People who come to you, a tax return preparer, expect you to know the tax law and prepare an accurate return. Also, if you are paid to prepare earned income tax credit (EITC), child tax credit (CTC) or American opportunity tax credit (AOTC) claims, you must meet your due diligence requirements. Refer to our Refundable Credit Due Diligence Law and Regulation page for more information on the requirements. There are consequences of not meeting your due diligence for you, for your client, and if you are an employee, your employer.
Incorrect Refundable Credits Returns Affect Your Clients, You and Your Employer
If we examine your client's return and deny all or a part of the EITC, the CTC, or the AOTC, your client:
- must pay back any amount in error with interest;
- may be subject to the 20 percent accuracy-related penalty and the 75 percent fraud penalty
- may need to file the Form 8862, Information To Claim Earned Income Credit;
- may be banned from claiming one or more of the refundable credits for the next two years if we find the error is because of reckless or intentional disregard of the rules; or
- may be banned from claiming one or more of the refundable credits for the next ten years if we find the error is because of fraud.
If we examine the EITC, the CTC or the AOTC claims you prepared and we find you did not meet all four due diligence requirements, the consequences for you are:
- a $500* penalty (indexed for inflation) for each failure to comply with your due diligence requirements (reference: IRC section 6695(g) and (h))
- A minimum penalty of $1,000 if you prepare a client return and IRS finds any part of the amount of taxes owed is due to an unreasonable position (reference: IRC section 6694(a))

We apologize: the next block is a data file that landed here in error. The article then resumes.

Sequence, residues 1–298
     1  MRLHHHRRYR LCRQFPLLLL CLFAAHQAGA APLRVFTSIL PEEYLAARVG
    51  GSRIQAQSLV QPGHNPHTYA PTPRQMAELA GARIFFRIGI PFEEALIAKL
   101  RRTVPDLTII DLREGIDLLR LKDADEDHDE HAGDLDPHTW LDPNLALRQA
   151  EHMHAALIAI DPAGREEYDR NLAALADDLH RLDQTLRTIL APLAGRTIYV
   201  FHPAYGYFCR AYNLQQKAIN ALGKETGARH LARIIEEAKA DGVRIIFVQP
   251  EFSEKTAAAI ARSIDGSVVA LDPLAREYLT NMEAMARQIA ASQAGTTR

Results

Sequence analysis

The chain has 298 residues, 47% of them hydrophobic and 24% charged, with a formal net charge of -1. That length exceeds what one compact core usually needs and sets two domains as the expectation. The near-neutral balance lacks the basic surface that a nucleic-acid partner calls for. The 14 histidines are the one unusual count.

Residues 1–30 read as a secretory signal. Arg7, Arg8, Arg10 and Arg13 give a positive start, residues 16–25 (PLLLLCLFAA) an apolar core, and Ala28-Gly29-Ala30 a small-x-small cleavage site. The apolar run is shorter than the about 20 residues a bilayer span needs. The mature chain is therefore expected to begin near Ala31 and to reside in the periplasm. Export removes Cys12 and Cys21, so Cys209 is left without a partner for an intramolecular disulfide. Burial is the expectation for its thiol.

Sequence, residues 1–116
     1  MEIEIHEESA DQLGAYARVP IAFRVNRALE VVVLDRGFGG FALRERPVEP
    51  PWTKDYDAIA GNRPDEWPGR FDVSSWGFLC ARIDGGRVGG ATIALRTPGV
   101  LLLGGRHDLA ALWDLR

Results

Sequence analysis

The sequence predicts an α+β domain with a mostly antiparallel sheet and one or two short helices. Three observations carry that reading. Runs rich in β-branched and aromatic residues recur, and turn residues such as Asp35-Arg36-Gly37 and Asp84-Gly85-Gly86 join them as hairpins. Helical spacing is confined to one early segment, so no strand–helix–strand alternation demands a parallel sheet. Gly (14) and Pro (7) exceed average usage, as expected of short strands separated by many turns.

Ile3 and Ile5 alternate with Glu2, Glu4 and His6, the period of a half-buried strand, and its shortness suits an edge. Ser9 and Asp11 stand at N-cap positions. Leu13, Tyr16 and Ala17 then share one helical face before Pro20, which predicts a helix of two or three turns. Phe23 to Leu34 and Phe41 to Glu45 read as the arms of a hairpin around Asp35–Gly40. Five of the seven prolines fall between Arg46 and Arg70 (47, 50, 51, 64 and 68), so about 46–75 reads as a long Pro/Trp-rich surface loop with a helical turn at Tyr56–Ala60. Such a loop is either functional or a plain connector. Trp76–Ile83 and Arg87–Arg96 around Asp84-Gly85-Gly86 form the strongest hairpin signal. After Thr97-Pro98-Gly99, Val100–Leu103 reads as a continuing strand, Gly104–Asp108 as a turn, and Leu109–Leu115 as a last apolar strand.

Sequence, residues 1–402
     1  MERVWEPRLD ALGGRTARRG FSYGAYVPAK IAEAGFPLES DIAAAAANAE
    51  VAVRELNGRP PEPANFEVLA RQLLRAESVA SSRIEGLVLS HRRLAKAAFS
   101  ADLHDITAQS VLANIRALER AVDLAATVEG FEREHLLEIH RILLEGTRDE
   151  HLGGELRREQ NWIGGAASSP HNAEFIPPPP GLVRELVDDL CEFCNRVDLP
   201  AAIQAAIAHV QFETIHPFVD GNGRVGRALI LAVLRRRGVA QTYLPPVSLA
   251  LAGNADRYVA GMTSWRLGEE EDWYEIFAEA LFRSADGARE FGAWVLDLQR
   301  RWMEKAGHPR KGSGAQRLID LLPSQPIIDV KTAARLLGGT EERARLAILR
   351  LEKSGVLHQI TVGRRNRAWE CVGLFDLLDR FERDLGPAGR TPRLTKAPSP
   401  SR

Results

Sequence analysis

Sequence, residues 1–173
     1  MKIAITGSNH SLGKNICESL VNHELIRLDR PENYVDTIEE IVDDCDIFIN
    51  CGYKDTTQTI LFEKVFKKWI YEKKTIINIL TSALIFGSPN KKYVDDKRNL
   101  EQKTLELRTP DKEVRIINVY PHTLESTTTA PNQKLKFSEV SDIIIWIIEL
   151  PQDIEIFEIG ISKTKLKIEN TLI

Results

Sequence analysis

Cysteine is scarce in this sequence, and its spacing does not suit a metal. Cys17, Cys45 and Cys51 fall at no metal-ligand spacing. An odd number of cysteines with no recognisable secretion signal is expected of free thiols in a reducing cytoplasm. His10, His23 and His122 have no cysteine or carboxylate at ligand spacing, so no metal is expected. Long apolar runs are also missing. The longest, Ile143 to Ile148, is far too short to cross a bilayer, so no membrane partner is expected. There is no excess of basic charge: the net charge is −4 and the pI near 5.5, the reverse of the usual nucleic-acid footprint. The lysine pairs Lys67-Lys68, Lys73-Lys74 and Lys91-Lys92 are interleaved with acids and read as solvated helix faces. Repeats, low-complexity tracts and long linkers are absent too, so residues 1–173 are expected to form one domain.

- A minimum penalty of $5,000 if you prepare a client return and IRS finds any part of the amount of taxes owed is due to your reckless or intentional disregard of rules or regulations (reference: IRC 6694(b))
IRS can also penalize an employer or employing firm if an employee fails to comply with the due diligence requirements. There are only specific circumstances when an employer is subject to the due diligence penalty (reference: Treasury Regulations 1.6695.2(c)). See our Due Diligence FAQs for the circumstances and ways an employer can prevent penalties.
*The penalty is $500 for each credit claimed on a return. This could mean up to three due diligence penalties per return when the return has claims for the EITC, the CTC and the AOTC or for a tax year 2016 tax return a penalty of $1,530.
The penalty for the 2015 tax year is $500. The penalty for tax year 2016 and 2017 returns is $510.
If you receive a return-related penalty, you can also face:
- Suspension or expulsion of you or your firm from IRS e-file
- Disciplinary action by the IRS Office of Professional Responsibility
- Criminal penalties for filing fraudulent returns
- Injunctions barring you from preparing tax returns or imposing conditions on the tax returns you may prepare
Additional Due Diligence Topics